- The Washington Times - Friday, June 19, 2009

It is exceedingly brave for a man who directed such cinematic classics as “The Godfather” and “Apocalypse Now” to embark on a new career as an experimental filmmaker at an age when most Americans have retired.

Critics were merciless in reviewing Francis Ford Coppola’s 2007 film, “Youth Without Youth,” faulting him for an incoherence they would have celebrated in a film by, say, David Lynch. Actors, it seems, are not the only Hollywood players who can be typecast.

Those critics should be placated somewhat with “Tetro.” This is still the work of an artist for the most part shunning his past, much as the title character does. Its narrative is more straightforward, though; Mr. Coppola has combined the atmosphere of mystery he channeled so well in “Youth Without Youth” with the storytelling skills that made his name.

“Tetro,” Mr. Coppola’s first original screenplay since 1974’s “The Conversation,” is a woozy, dark but romantic film about the way family ties can both free and bind us. The black-and-white film — with some important moments filmed in color — mostly takes place in the bohemian La Boca district of Buenos Aires. Bennie (Alden Ehrenreich), a fresh-faced boy on the verge of 18, lands in the Argentine capital as a cruise-ship worker. The ship needs repairs, so he takes the opportunity to find his older brother. Bennie was just a child when Angelo (Vincent Gallo) left New York on a “writing sabbatical,” never to return.

The door is answered by Miranda (Maribel Verdu), Angelo’s live-in lover, who warns Bennie that his brother has no interest in being part of the family. Bennie doesn’t see his brother until the next day, when he’s informed, “Angie’s dead. My name is Tetro.” It’s not a propitious meeting, especially because the bitter Bennie can’t help poking at wounds that haven’t healed. Bennie is upset that Tetro never came back for him, as promised; Tetro is angry that Bennie has told Miranda their father is the world-famous conductor Carlo Tetrocini (Klaus Maria Brandauer). This larger-than-life patriarch of the Argentine-Italian family looms over their lives even as he lies on a deathbed thousands of miles away.

What drove Tetro away is revealed when Bennie finds his brother’s abandoned writing. When we see Tetro in flashbacks at an asylum, he looks as crazy as anyone there, clutching to his chest a sheaf of indecipherable papers. Bennie decodes them and discovers Tetro’s talent — and the awful truth about their creative but troubled family.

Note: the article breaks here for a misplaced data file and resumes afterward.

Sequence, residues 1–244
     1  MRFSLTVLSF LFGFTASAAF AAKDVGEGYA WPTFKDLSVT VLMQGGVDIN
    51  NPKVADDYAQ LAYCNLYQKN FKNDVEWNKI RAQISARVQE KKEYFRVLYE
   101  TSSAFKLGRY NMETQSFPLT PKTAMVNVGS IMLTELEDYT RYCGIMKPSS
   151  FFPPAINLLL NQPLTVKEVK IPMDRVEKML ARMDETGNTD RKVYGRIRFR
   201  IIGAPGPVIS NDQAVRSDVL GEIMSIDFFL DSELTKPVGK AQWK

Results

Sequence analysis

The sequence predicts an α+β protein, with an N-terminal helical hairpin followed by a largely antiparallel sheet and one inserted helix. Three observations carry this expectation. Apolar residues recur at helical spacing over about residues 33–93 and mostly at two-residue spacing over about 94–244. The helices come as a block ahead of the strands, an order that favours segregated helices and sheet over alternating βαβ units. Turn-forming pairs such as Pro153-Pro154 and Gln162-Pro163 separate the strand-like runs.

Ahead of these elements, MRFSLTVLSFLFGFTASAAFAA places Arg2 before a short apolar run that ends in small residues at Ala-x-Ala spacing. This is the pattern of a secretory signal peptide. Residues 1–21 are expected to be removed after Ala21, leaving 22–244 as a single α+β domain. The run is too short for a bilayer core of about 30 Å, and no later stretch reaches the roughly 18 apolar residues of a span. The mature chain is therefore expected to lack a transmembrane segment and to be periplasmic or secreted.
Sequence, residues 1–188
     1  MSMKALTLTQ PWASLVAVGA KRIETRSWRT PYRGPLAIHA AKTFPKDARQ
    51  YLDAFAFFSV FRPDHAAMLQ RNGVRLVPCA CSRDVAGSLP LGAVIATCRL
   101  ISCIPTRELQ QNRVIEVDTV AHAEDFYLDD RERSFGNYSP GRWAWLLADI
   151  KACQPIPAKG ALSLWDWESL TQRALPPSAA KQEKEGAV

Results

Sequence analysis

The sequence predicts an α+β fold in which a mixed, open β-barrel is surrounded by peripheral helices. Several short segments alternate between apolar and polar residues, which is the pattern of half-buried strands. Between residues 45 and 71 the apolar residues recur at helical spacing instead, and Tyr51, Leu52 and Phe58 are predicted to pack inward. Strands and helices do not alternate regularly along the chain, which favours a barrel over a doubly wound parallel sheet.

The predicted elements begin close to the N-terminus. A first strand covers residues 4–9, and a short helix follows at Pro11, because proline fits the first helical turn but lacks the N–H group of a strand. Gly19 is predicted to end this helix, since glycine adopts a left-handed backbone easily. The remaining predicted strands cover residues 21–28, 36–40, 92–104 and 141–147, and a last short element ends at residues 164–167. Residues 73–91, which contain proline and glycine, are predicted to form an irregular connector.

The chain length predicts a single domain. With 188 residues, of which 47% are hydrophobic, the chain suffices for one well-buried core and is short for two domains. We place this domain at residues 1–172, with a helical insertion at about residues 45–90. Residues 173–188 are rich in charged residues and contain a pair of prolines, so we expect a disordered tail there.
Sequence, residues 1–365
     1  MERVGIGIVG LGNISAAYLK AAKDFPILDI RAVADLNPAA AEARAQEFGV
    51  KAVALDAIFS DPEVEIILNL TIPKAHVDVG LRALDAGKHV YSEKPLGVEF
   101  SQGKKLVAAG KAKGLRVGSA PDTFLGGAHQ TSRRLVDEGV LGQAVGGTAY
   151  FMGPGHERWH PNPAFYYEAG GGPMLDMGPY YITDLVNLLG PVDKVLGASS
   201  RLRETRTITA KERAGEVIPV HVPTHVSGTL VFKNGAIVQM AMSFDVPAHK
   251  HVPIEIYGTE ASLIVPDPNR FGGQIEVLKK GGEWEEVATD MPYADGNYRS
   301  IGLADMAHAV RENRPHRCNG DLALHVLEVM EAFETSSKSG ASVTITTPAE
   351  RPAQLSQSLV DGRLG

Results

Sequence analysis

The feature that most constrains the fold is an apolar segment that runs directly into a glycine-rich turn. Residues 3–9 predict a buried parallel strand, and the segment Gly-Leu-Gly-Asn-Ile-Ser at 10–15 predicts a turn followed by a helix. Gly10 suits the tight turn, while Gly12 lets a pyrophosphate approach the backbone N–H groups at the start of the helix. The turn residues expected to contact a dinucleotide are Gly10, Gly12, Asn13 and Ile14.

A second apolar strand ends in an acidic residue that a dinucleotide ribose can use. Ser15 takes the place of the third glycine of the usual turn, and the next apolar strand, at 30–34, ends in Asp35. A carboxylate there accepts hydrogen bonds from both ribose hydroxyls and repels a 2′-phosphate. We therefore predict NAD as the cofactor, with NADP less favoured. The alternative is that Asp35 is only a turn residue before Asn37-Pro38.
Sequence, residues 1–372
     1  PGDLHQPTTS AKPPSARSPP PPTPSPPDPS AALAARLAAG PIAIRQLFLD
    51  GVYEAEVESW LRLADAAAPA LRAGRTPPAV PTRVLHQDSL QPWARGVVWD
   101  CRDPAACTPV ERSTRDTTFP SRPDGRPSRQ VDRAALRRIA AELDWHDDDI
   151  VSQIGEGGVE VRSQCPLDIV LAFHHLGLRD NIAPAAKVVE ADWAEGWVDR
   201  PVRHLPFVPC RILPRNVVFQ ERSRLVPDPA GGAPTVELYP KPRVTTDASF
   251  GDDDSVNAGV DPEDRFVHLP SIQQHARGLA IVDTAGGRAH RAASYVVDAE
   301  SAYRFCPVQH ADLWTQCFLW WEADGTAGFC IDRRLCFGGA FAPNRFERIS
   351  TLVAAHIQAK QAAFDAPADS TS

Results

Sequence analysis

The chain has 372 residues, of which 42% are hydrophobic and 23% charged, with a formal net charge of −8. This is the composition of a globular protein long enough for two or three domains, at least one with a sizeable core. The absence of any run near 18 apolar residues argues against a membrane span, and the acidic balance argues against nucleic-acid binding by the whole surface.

Mr. Gallo is at the center of this film as his character never was in his egomaniacal father’s life. He’s rough and vulnerable in equal measure, an actor well versed in playing the troubled soul. Talented newcomer Mr. Ehrenreich brings a blast of fresh air to both Tetro’s quiet life and the film. The film is peopled with a very high-caliber international cast, including Carmen Maura as the enigmatic literary critic Alone.

It’s wonderful to see Mr. Coppola working from his own material again, although the results are uneven. At times, the dialogue seems obvious, with its fair share of platitudes. Other times, it’s poetic. “Do you know what love is in a family like ours?” Tetro asks. “It’s a quick stab in the heart.”

The visuals are always the latter, though. The maestro’s funeral is a wonderful scene, with the casket laid out in front of an open score, the musicians in the background paying tribute to a genius. It’s a reminder of what Carlos ominously told his older son: “To make a living as a novelist, you’d have to be a genius. There’s only room for one genius in this family.”


TITLE: “Tetro”

RATING: Not rated (mature themes)

CREDITS: Written and directed by Francis Ford Coppola

RUNNING TIME: 127 minutes

WEB SITE: www.tetro.com


• Kelly Jane Torrance can be reached at ktorrance@washingtontimes.com.

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